Ayuda or Work? (1999)

rees ayuda or work [link]–Summarizes women’s work in the valleys of Oaxaca

Several years ago, Julio García, a Mexican migrant in Atlanta told me, Gracias a Dios, mi esposa nunca ha tenido que trabajar (Thank heavens, my wife has never had to work). This even though I’d worked with him through his unemployment, disability and other problems, during which time he was unable to send her money. How did she make it if she didn’t have a source of income? Throughout Mexico, male informants report that women don’t work in the campo (fields), even though everywhere I go, I see women working in the fields. About that same time, I read in Lynn Stephen’s 1990 book, Zapotec Women, that women took over the agricultural work during the bracero (literally, arms, for imported labor) period in the 1950s, when men from Teotitlán del Valle in Oaxaca migrated to the United States. (The men returned with enough money to buy the looms—the means of production for the “genuine American Indian rugs” so beloved by tourists—with designs by Picasso, Escher and lately, the Navajo). These two contradictory versions (that women don’t work, and that women’s work made male migration possible) led me to write the proposal this research reports on.[i] I asked how women manage, especially when their husband is a migrant (who may or may not remit faithfully). One of my ideas was to invert the migration question from asking how does (male) migration support the household back home, to ask: How does female labor support male migration? This chapter has two goals. One is to describe the historical and current remunerated activities of women heads of household (jefas)[ii] and the other, to look at definitions of work and ayuda (help) in the central valleys of Oaxaca, Mexico (Figure 1).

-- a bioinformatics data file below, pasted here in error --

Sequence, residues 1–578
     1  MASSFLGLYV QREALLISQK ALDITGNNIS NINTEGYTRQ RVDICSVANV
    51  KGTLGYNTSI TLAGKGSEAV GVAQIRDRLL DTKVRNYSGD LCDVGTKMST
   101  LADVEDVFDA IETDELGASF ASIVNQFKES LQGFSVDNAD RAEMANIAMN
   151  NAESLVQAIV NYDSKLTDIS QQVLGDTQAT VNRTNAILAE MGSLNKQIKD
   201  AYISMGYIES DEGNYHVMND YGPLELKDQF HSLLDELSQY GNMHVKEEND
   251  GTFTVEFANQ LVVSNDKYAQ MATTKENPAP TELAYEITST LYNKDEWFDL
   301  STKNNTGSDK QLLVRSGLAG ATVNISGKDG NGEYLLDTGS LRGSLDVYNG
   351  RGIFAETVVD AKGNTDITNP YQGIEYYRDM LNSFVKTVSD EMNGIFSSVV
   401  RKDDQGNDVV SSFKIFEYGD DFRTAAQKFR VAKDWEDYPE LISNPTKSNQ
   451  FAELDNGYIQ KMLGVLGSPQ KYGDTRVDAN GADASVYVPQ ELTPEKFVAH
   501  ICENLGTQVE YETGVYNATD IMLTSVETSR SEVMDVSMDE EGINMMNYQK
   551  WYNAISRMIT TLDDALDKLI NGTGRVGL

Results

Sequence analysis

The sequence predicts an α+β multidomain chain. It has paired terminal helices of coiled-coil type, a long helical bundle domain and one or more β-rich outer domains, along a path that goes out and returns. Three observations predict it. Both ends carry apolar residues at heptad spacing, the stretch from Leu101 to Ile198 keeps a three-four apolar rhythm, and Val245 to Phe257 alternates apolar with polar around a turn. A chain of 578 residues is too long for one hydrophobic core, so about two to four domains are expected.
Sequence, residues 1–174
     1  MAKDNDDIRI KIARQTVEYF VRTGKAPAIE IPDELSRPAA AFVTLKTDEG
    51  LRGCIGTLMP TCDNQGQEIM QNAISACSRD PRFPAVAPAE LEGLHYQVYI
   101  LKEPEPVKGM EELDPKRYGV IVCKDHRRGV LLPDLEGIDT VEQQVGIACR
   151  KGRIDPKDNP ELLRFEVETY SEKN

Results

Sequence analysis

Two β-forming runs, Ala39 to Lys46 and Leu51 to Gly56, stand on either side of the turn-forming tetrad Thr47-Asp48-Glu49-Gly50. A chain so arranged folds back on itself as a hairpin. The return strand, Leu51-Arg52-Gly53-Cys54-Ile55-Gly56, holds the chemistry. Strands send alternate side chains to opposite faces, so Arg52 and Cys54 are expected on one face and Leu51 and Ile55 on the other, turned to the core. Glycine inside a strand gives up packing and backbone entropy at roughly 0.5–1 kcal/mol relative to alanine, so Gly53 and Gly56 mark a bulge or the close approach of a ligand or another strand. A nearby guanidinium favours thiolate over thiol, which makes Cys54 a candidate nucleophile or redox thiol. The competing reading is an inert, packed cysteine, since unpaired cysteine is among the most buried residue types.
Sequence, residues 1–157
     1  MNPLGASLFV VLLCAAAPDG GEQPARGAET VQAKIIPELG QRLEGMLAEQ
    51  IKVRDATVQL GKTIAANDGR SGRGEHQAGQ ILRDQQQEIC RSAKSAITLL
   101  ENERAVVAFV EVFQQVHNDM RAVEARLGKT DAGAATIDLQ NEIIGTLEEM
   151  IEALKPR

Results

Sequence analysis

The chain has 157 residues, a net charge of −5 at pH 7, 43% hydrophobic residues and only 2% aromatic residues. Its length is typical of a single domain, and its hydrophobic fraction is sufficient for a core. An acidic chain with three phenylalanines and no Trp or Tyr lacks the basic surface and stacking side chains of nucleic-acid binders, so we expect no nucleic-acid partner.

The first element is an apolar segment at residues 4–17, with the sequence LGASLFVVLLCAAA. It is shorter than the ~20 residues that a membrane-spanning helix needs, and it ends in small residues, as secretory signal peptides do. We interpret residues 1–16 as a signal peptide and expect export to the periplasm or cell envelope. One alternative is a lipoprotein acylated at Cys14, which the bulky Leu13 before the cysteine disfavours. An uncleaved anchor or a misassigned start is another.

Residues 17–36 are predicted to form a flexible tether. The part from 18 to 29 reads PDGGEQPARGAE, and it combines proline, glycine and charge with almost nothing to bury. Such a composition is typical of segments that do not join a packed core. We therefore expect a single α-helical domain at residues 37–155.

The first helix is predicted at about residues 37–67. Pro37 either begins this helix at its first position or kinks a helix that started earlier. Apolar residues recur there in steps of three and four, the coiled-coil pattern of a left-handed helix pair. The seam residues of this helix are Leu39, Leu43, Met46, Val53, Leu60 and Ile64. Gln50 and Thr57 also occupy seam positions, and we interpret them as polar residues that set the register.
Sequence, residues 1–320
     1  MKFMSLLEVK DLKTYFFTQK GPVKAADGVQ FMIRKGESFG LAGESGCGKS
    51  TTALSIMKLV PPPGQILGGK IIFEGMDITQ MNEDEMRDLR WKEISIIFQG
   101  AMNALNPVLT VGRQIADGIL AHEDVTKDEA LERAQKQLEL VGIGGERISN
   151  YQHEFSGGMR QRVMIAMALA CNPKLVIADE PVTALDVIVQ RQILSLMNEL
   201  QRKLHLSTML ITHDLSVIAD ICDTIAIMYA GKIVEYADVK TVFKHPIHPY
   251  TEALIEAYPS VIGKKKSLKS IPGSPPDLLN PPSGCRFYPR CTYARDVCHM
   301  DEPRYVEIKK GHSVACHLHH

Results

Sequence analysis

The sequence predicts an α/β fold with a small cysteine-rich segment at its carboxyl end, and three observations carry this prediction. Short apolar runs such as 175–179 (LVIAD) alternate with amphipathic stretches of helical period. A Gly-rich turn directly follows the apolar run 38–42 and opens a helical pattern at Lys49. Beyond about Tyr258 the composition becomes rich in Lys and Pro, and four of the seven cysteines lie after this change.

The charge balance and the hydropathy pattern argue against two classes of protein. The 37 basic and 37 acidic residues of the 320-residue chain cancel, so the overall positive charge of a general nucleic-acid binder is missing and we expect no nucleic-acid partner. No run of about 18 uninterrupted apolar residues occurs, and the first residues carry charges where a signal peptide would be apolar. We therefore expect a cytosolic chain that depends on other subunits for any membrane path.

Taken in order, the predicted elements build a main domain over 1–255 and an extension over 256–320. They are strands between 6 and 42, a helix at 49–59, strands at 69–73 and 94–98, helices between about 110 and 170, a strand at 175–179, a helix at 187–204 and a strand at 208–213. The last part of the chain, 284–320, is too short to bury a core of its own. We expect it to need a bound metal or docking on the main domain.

[i] National Science Foundation #9729824, Women and Migration in the Central Valley of Oaxaca, Mexico. Analysis was carried out at the Centro de Investigaciones y Estudios Superiores en Antropología Social-Istmo, Oaxaca, Mexico with the support of the Fulbright Foundation.

 

[ii] One of the limitations of this data is that it does not include all female workers in the household, just the self- and household-designated head.

 

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